By Grainger Editorial Staff 5/27/20
Ceiling tiles play a crucial role in reducing noise, preventing fire from spreading across rooms and floors and finishing the look of your facility. Ceiling tiles are often built from a mix of mineral fibers that possess fireproof and antimicrobial properties. Selecting the right ceiling tile depends on the specific characteristics you need for your ceilings, the design and purpose of your facility, your budget and the shape and size of your rooms.
Ceiling tiles are used to cover unfinished ceilings, which are typically made from exposed wood beams, concrete or metal. Ceiling tiles also play a role in reducing noise pollution. Hard surfaces such as concrete can bounce sound around an office or open facility, increasing ambient noise. Noisy environments can lead to hearing damage, lower productivity and health problems over time. Ceiling tiles are designed to absorb sound so that it cannot reflect back into a room and increase the overall noise level.
Ceiling tiles come in a variety of edge types, sizes and textures, and are available in a range of ratings for their ability to prevent or resist fire, absorb noise (NRC or Noise Reduction Coefficient) or block sound (CAC or Ceiling Attenuation Class). Ceiling tiles also are rated for light reflectance, which refers to the percentage of light reflected by the tile. A standard light reflectance will reflect 82% or less of light and a high light reflectance will reflect 83% or more. A higher light reflectance can create brighter spaces and even reduce energy costs. You can also choose ceiling tiles based on how much recycled content they contain.
It's important to know your local fire rating requirements, which can vary by location and will also differ from building to building, depending on the type of facility. Most commercial facilities are required to meet certain fire ratings for all of the materials used in construction, including ceiling tiles. Be sure to consult with your local fire marshal or building inspector before choosing ceiling tiles so you are confident you're purchasing a tile system that meets all local fire rating requirements.
There are two distinctions for fire resistance in ceiling tiles. The first is UL 723 Flammability, which determines the surface burning characteristics of building materials. A good rating in this test is a Class A, which means the material is almost entirely nonflammable. The second is The ASTM test E119, which evaluates how long a ceiling can resist and prevent the spread of fire, retain its structural integrity or both. These will be ratings in time increments, for example a rating of 2 hours means the entire ceiling tile assembly (the tiles themselves and the suspension system) will be able to resist the spread of fire for 2 hours.
The ceiling tile you choose for your facility will depend on a combination of these many features and how you will want to prioritize certain features over others. For example, if you're looking to purchase a ceiling tile and suspension system for a healthcare facility, you will need a system that meets local fire rating regulations, but you'll also want one with a sealing feature that can prevent contaminants from spreading to other areas of the facility. Once you make these initial determinations, you'll be able to narrow down your choices and eliminate those with less-important features.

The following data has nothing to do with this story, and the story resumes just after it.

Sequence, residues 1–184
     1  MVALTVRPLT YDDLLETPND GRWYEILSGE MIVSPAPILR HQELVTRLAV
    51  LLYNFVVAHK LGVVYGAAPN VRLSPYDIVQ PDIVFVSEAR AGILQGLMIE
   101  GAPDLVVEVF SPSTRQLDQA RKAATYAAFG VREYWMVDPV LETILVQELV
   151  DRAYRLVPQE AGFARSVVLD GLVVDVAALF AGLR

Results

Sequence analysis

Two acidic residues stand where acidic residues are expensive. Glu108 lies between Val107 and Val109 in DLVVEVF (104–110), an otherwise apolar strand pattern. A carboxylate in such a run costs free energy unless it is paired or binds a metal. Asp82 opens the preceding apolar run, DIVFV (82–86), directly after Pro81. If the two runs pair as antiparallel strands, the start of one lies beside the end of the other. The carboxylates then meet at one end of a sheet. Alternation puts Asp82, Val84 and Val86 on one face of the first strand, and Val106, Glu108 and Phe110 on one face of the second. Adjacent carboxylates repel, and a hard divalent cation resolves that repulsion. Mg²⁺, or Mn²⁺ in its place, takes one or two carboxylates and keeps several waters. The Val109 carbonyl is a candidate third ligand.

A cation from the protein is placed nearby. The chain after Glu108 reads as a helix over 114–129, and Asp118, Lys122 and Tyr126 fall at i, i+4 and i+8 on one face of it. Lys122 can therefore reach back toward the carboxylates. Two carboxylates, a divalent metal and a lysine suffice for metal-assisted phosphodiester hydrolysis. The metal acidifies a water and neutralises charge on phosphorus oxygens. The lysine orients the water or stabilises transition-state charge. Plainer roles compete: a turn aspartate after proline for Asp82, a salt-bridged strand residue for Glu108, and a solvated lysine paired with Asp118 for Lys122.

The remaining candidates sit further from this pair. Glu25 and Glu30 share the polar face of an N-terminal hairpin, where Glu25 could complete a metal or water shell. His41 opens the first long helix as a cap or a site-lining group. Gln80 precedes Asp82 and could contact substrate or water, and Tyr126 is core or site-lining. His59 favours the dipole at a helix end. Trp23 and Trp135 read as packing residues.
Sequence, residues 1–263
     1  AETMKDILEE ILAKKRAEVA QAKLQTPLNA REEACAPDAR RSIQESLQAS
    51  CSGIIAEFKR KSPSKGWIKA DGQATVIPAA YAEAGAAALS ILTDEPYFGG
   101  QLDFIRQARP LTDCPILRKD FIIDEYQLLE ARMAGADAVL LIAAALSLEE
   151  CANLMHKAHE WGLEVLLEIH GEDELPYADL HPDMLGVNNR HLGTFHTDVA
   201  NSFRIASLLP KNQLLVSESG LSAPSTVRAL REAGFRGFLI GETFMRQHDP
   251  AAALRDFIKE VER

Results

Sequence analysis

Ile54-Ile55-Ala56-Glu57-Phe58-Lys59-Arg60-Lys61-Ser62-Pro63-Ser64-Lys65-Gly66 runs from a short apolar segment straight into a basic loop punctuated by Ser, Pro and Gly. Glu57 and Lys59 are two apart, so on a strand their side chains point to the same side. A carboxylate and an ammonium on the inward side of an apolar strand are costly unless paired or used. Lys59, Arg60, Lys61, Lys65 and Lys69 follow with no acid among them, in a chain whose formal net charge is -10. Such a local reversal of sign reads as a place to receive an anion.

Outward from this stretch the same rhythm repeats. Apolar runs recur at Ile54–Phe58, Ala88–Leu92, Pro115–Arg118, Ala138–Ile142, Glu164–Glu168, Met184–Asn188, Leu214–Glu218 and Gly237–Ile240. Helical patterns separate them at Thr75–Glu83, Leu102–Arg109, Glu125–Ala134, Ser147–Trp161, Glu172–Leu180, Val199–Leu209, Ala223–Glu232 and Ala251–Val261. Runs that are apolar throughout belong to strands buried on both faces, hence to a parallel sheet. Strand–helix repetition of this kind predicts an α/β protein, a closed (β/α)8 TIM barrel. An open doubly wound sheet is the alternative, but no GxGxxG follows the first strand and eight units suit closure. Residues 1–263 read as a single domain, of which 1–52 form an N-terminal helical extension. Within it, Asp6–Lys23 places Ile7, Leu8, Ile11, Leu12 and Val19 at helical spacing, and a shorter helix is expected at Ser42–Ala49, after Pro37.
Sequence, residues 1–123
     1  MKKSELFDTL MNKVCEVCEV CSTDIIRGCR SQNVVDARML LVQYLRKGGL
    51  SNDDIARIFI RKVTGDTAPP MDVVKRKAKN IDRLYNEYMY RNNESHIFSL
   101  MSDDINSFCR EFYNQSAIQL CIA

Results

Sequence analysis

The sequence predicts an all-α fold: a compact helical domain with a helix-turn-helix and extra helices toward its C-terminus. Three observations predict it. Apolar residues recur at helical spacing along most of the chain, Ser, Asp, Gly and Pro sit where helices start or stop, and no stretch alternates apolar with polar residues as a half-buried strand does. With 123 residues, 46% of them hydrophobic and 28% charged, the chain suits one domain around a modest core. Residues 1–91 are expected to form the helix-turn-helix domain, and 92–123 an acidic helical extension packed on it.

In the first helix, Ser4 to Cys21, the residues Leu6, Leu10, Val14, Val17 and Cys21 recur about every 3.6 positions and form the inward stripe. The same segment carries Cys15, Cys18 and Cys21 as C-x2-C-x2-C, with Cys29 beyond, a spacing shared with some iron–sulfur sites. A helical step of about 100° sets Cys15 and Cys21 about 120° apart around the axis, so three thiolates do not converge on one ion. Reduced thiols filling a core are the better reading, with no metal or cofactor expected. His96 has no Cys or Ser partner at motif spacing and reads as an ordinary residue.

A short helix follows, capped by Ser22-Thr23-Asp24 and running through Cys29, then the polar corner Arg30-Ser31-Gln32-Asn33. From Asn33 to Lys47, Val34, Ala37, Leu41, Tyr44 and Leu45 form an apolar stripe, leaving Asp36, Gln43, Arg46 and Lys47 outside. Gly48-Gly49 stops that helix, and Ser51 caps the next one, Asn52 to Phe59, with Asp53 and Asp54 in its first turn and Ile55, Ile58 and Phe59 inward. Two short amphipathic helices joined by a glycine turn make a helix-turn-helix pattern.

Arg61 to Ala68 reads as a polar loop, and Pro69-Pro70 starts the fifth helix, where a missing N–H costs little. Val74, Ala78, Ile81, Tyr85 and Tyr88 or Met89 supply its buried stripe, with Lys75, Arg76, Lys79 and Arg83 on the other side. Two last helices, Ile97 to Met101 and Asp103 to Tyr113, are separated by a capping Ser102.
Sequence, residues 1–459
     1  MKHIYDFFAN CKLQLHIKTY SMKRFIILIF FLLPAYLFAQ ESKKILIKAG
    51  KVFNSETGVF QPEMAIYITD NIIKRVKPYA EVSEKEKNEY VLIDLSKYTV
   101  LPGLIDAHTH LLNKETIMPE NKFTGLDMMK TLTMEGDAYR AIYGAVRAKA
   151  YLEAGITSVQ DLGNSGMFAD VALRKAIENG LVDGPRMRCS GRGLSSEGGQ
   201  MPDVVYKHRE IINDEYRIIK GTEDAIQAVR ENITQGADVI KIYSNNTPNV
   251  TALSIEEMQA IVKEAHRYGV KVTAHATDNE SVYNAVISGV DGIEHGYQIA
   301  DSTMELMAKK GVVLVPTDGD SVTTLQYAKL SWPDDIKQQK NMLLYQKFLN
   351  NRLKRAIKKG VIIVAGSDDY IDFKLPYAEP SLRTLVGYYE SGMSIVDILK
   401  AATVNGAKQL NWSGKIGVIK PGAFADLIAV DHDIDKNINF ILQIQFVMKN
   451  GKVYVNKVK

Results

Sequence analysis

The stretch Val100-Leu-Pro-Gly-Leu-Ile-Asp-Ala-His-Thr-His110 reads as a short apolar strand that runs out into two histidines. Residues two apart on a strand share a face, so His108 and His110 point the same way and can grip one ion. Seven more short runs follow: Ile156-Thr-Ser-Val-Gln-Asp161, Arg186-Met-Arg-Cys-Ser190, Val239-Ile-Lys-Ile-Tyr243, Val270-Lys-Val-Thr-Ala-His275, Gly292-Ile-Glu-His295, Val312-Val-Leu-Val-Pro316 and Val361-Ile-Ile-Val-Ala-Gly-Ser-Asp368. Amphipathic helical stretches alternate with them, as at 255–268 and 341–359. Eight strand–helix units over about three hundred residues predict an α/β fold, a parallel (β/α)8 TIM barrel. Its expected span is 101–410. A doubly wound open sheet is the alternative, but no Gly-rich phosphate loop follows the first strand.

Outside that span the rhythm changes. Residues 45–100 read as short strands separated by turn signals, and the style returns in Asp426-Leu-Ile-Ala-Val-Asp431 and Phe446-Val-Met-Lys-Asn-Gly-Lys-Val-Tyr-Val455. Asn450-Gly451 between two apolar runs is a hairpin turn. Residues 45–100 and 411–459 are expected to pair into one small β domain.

NRC stands for Noise Reduction Coefficient and measures the ratio of the amount of sound a tile absorbs to the amount of sound it reflects. For example, a tile with an NRC of 0.6 absorbed 60% of the sound and reflected the other 40%. The range is between 0.1 and 1, with higher numbers representing tiles that absorb more sound. These are a better fit for louder rooms
CAC is an acronym for Ceiling Attenuation Class. It also expresses a tile's ability to reduce sound, but instead of looking at absorption, CAC measures how well a tile can block sound between two spaces that share a same open space above the tiles. Offices commonly have this setup. The range of CAC is from 0-200 and again, higher numbers represent more sound blocking.
Choosing the wrong ceiling tile for the job can lead to early replacement or repair, making it important to choose the tile that best meets your needs rather than the least expensive option. While budget is an important consideration, if your ceiling doesn't pass inspection, it will need to be replaced. The list below highlights the more common types of ceiling tiles by their most significant features and benefits. The right choice will depend on the primary application.
Installing ceiling tiles requires framing, hangers and fasteners designed to work together for stability, durability and aesthetics.
Suspension framing for ceiling tiles goes between your tiles and attaches to the ceiling, supporting the tiles in an even grid. Suspension framing systems include main beams, cross tees and wall molding. Suspension framing can be custom designed to fit unique patterns or layouts. Hanging wire is used to attach the suspension framing to the ceiling, and clips and fasteners are used to hold tiles securely in place.
Grainger.com has a handy filtering feature for ceiling tiles here that allows you to choose from the many ceiling tile properties you need, making it easier to narrow down your choices.
The information contained in this article is intended for general information purposes only and is based on information available as of the initial date of publication. No representation is made that the information or references are complete or remain current. This article is not a substitute for review of current applicable government regulations, industry standards, or other standards specific to your business and/or activities and should not be construed as legal advice or opinion. Readers with specific questions should refer to the applicable standards or consult with an attorney.